Having brown water coming from your faucet can be alarming, but it's more common than you might realize. Discolored water can happen for several different reasons, and it's important to understand them so you can deal with the issue. This guide will take you through the leading causes for brown water coming from the faucet and how to fix it.
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What Causes Brown Water to Come from The Faucet?
Brown or discolored water can happen literally overnight, but it means something has been wrong for some time. It's caused by the build-up of materials in the water which discolor it. This is generally rust, sediment or other minerals. There's a number of key reasons for this:
Filter Not Working
You may not know this, but the water that comes from the faucet is filtered a lot before it reaches you. This is done by the government or council with water treatment plants to keep the water sources pure. Sometimes, old and outdated equipment can mean that the filtration system isn't working properly. This is extremely rare but can happen in smaller towns or rural areas.
Corrosion on Old Water Lines
Older water lines date back to the 1950s and 60s. These were largely made from steel which, over time, can rust. This, in turn, leads to rusty sediment building up, and over time there will be enough to corrupt your water supply. If this is the case, then after a few minutes the water will run clear as the rust sediment flows out, so it will be easy enough to find out if this is the problem.
Changes in Pressure of City’s Water Lines
Periodic building work, maintenance, and city-wide flushing of the pipes can lead to changes in water pressure in the water lines. This can cause the water to become murky or brown and will impact all your faucets, not just one. As more suburbs are looking to upgrade their water infrastructure, it's becoming a more common problem, so if your water changes suddenly, then this is most likely the cause.
Changes on the Water Table
Water supplies are heavily impacted by increased usage and high levels of rain. This causes the water table to rise or fall, and filtration systems can be put under strain. It can also mean that alternative, less pure water sources are being tapped into. This can cause impurities in the water, and therefore brown water can flow from your faucet. Changes to the water table can have severe impacts, but they will likely only happen in extreme climates.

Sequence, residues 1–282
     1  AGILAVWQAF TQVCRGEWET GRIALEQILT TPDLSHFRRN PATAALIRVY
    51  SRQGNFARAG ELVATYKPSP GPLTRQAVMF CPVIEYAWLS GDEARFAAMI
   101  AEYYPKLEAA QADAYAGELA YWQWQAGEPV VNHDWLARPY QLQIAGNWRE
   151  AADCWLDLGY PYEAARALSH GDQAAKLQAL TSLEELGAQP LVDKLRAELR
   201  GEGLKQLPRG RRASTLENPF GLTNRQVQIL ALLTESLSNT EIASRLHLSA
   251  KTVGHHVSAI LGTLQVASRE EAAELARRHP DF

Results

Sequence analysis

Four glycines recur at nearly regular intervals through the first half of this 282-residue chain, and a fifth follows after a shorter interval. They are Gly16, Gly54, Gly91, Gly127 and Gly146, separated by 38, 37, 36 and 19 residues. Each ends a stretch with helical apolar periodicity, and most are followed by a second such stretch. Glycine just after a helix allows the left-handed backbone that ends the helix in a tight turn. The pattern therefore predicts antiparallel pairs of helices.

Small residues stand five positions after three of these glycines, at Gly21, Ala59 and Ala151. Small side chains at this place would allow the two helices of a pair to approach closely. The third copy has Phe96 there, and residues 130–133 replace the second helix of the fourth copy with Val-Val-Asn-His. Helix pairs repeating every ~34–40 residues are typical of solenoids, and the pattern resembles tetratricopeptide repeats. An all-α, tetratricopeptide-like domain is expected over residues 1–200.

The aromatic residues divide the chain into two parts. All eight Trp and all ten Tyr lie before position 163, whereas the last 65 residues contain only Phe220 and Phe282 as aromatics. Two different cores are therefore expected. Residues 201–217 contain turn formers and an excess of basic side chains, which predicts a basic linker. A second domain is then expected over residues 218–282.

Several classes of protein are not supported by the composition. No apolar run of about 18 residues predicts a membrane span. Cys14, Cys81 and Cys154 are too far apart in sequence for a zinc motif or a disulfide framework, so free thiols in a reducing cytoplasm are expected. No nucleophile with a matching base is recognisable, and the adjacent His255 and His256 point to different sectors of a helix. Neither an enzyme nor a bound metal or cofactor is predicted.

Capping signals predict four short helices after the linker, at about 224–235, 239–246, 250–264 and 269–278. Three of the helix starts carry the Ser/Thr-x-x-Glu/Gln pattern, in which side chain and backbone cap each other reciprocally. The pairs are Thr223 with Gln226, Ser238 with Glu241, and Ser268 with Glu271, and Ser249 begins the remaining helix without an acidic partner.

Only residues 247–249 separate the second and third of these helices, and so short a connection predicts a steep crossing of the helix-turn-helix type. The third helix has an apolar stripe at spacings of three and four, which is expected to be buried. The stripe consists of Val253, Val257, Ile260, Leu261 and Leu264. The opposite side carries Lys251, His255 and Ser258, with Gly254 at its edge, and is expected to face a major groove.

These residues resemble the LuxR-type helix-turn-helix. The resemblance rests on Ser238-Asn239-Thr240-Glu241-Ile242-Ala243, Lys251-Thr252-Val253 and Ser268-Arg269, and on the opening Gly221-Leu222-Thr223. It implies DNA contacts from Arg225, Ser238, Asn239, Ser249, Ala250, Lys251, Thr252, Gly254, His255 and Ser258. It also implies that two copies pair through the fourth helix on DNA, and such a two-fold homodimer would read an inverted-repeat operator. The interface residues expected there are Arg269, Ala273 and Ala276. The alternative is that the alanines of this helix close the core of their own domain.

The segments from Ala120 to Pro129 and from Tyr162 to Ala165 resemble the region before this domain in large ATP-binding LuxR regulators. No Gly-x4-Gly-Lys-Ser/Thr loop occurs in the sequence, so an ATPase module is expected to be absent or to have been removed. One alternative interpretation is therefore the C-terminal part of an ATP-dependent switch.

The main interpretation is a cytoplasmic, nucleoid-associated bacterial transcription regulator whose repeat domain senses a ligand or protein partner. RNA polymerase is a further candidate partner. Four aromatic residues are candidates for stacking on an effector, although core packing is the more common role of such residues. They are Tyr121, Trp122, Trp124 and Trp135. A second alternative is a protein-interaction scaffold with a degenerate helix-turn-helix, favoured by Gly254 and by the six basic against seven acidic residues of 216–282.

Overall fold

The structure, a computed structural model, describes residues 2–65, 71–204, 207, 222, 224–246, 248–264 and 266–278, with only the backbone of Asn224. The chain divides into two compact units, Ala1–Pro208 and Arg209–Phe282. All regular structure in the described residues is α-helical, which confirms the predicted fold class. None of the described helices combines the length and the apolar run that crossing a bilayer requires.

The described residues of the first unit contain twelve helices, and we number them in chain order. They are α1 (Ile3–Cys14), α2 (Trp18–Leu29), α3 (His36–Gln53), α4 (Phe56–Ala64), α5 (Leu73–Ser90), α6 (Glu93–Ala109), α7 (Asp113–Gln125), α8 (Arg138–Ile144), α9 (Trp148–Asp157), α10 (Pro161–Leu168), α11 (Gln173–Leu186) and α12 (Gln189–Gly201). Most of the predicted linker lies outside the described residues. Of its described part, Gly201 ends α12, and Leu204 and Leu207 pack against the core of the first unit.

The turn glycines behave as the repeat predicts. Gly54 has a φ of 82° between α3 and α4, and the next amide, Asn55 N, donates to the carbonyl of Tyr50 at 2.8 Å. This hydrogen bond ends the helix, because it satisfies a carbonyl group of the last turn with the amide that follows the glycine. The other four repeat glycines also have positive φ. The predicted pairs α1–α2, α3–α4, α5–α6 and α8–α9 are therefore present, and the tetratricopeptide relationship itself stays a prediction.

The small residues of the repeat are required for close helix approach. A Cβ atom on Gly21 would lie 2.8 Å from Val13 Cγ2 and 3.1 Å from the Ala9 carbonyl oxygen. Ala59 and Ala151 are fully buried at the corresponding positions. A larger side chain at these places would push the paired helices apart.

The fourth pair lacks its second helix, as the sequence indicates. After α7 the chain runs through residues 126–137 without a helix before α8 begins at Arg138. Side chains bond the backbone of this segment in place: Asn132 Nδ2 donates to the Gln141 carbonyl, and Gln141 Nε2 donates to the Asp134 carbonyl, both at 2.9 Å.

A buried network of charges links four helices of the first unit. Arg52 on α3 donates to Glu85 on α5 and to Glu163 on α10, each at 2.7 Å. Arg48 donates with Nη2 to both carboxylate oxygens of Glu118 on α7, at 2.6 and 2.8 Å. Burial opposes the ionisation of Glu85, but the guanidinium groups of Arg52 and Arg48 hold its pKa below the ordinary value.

Poor quality water supply
Every water supply is slightly different and has a different makeup of mineral deposits. If your water supply has too much of a specific mineral, especially iron, then over time, it will build up in the pipes. This can then lead to discoloration in the water.
How To Get Rid Of Brown Water: Step By Step Guide
Brown water needs to be treated, or it can become a real issue in your home. Without knowing the exact reason for the brown water, there's a couple of steps you should take to try and get rid of it:
- 1Run The Tap
Simply switch the faucet on and let it run for 20 minutes. Keep it on cold and see if the brown water starts to run clear.
If running the tap doesn’t work, you’ll need to look into a filtration system. These can be added to your water pipes to remove any minerals or impurities to help your water run clear. You can also use a water softener for a similar effect.
- 3Check Your Water Heater
Test your tap on hot to see if the issue is still there. If the water continues to run brown, then your water heater/boiler needs to be flushed out. You should consult a qualified plumber for this, so you don't damage your water heater.
- 4Look For A Wider Issue
If none of the above haven't worked, you need to know if it's impacting you or the neighborhood. Check with your neighbors to see if they're having similar issues. If they are, then you'll need to contact the city to see what can be done.
- 5Call A Plumber
If you're still unable to achieve a resolution, you need to get a professional involved. Get a registered plumber to come and take a look and see if they can solve the issue.
Is Brown Water Dangerous?
Brown water isn’t always safe, and you should avoid using it if possible. Brown water can cause the following:
Impact your health